MVP Proton Octane
Octane falls in the general stability lineage of Switch, Amp, Inertia, and Wave, with a slow-turning profile that holds long and straight until its fade finish. The 23mm Octane is designed to be relatively less understable than its 21.5mm counterpart Wave. Average throwers should see straight flights with a bit of shallow turn, while power throwers will be able to hyzerflip for max distance and tailwind lines.
Premium Look and Durability Material
- High durability for a long consistent life
- Designed to withstand the roughest conditions
- Transparent candy colours
- Also available in soft flexibility for putters
love it, great stable driver that I use in the wind
There's already an extensive video review of the Octane by Down Under Disc Golf here (https://youtu.be/QSz8k36mWyU) which puts the Octane on a bit of a pedestal as a Destroyer for the Gyronauts. That's a pretty exciting proposition, because MVP isn't exactly overflowing with Destroyer clones. For whatever reason, they tend to dance around the 12-speed category, preferring to go 11 or 13-speed (don't ask me why) and I was excited when Olli asked me to try out some samples for a review, so here goes the first one ...
In numbers, the Octane seems more like a Boss than a Destroyer, and compares pretty closely with the Nitro. But let me just say that the Nitro is FAR more overstable than the Octane, and I wouldn't even consider it for your bag unless you have Bazooka levels of arm speed.
It has one of the chunkiest rims in the MVP line, so there is no issue getting a strong power grip on the BH side, but you may have comfort issues on the FH side if you have small hands. For me, the depth allowed a lot of contact and control with my fingers against inside rim.
Across the plastic types there is quite a bit of variability in the dome, with some being quite flat (Boss-like) and others being noticeably domier (Wraith-like). This Proton version was on the flatter side and so felt much nicer on the FH grip.
So, the first thing I wanted to work out is whether it deserved the hype as the farthest-flying high-speed overstable driver in the MVP range. I took a few months to beat them in to a point where I could make a fair comparison to my Destroyers and Rives. I won't draw any distance comparisons to understable/netutral high-speed drivers (Wraiths, Traces and Graces) as they aren't alternatives to the flight numbers on the Octane.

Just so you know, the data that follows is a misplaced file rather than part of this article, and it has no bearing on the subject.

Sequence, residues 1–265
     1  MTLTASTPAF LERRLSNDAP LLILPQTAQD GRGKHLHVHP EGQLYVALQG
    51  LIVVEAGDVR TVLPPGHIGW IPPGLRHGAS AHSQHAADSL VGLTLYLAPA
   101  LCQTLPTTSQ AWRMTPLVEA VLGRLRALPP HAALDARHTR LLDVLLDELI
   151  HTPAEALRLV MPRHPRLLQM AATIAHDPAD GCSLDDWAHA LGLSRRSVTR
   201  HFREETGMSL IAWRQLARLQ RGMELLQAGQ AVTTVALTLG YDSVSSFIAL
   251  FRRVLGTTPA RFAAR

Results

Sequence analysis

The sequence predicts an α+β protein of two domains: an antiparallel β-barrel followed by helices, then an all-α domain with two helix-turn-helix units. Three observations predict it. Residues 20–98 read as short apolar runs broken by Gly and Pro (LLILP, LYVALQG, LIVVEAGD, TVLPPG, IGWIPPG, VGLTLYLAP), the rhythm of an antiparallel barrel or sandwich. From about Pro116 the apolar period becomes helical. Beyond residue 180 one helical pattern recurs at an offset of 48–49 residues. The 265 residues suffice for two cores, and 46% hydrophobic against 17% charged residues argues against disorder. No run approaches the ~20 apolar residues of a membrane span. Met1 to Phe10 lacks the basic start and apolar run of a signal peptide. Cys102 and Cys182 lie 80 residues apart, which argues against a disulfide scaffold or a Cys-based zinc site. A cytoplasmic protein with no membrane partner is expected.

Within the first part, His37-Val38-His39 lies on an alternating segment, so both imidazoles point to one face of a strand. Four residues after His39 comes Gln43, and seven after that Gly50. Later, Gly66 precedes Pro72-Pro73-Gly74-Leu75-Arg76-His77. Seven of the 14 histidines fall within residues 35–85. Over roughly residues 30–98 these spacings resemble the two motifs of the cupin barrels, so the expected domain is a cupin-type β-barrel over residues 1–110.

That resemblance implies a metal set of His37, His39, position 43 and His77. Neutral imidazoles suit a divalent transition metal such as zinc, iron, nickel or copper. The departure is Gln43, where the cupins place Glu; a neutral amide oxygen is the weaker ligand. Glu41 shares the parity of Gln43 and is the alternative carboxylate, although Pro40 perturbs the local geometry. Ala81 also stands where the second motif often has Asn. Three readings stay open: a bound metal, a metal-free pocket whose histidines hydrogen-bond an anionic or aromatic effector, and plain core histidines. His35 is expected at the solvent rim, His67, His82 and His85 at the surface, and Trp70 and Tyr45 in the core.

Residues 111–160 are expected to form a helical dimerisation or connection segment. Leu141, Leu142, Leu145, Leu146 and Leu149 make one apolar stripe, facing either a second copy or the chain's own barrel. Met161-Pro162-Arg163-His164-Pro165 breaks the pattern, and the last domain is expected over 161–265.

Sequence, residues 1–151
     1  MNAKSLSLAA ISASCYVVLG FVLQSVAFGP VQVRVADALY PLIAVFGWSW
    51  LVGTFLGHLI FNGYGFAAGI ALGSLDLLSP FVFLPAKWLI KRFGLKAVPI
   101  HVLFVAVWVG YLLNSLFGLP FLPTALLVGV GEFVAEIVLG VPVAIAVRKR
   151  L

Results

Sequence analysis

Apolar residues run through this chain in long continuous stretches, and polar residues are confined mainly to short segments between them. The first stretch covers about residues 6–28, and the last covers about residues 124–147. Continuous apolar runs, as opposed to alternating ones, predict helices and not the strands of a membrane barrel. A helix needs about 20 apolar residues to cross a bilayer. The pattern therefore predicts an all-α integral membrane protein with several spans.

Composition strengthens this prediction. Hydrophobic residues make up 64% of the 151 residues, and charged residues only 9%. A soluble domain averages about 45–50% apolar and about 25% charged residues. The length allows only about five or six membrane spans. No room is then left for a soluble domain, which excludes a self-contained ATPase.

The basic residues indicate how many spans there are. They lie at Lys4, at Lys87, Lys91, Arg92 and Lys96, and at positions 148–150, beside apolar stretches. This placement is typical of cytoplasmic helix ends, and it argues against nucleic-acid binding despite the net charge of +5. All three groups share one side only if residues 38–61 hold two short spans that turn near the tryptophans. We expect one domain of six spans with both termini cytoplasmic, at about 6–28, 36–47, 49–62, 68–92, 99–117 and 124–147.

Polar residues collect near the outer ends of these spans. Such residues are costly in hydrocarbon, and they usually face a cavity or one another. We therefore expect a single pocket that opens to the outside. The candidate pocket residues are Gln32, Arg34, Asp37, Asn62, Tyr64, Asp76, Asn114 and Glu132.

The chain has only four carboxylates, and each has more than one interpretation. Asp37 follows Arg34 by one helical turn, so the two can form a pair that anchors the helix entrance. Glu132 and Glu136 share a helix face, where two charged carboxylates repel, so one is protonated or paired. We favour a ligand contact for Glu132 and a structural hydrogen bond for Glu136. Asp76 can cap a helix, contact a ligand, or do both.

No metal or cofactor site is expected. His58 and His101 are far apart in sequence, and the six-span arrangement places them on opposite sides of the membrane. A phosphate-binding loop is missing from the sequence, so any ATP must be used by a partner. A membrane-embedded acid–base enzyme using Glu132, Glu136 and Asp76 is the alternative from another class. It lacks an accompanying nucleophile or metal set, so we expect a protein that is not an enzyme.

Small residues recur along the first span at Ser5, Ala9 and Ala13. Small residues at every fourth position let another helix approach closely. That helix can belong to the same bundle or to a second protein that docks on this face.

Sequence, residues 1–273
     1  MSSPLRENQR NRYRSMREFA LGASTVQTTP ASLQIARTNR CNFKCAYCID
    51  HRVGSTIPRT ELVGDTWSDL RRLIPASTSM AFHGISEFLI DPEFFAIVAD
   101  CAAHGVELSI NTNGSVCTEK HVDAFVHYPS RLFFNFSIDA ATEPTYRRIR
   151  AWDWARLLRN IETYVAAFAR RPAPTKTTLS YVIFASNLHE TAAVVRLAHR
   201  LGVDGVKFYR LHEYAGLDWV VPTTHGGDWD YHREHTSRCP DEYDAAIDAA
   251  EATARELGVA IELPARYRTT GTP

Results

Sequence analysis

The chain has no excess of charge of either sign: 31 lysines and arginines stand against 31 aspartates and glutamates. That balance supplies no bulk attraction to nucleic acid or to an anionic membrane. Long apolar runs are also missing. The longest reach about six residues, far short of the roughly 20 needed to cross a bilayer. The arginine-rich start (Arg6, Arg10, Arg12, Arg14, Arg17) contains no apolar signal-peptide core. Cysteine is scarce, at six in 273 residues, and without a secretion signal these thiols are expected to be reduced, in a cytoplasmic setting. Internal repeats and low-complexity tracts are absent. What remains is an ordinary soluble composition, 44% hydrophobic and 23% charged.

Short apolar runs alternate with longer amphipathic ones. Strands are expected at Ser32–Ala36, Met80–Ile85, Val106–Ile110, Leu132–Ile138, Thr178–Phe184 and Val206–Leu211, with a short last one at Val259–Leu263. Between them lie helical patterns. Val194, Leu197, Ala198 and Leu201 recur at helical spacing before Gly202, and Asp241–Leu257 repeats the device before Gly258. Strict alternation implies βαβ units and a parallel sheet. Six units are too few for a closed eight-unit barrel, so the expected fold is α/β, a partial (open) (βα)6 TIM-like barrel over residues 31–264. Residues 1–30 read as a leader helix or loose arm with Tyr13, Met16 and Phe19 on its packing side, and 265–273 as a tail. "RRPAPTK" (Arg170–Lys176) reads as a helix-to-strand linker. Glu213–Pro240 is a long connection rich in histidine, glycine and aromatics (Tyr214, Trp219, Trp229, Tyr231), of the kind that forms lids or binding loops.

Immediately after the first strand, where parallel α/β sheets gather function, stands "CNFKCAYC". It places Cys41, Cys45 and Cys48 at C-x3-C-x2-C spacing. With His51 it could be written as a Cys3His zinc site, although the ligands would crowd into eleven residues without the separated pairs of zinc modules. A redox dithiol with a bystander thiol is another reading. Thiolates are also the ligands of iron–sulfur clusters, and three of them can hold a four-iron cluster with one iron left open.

The result? In medium-to-strong winds (which are the conditions you wouldn't chance your understable drivers on distance lines) my Destroyers averaged at 120m, my Rives at 125m and the Octanes ... 135m!
There are some videos of Octanes being flip-ups at 120m, but those must be from a completely different run to the ones I had. Mine really enjoyed getting forced over into a headwind to catch a long turn before looping to the ground on an exaggerated hyzer. Being max distance throws, there is a generous amount of lateral movement on the S-line flight, and you need to be careful not to nose it up on your high anhyzers, or else watch it slam on the handbrakes and hit a sudden J-turn in the sky.
So yes, I can confirm that it is a long bomb that fades reliably into headwinds. But then, why only 4 stars?
Well, I like some workability in my discs, which is to say I like them amenable to being shaped on different release angles and flight lines. The Octane just felt like it only had one job it was designed to do, and for anything else you'd be better off with another disc.
For example, with my Rive (also a 13 speed) I can throw a big S-line, or just change my release point and fire off a flat laser to hit a gap 70m away. For the Octane, anything other than a forced turnover requires genius levels of angle control to accurately shape the lateral movement of its distance.
The domier Plasma is somehow both glidier yet more overstable than the flatter Proton, making it the touchier option, which is why I am reviewing the Proton it first.
As for normal flat or hyzer golf lines, it's pretty much a standard-issue overstable 13-speed that carves a very wide curve and is usually good for a multi-skip ground action on anything short of the stickiest, muddiest fairways. Standing it up on a baby-hyzer requires a full rip that only goes 100m forwards, and about 30m sideways.
Apparently, the tastiest and most magical version of the Octane is the Fission, but I haven't tested that one yet. I can sort of guess that it would be the straightest version (there is no Electron, I don't think) and probably the most workable. That would just maybe draw a 5th star if it accessed more flight shapes, but I will have to wait for one to fall into my bag to find out!
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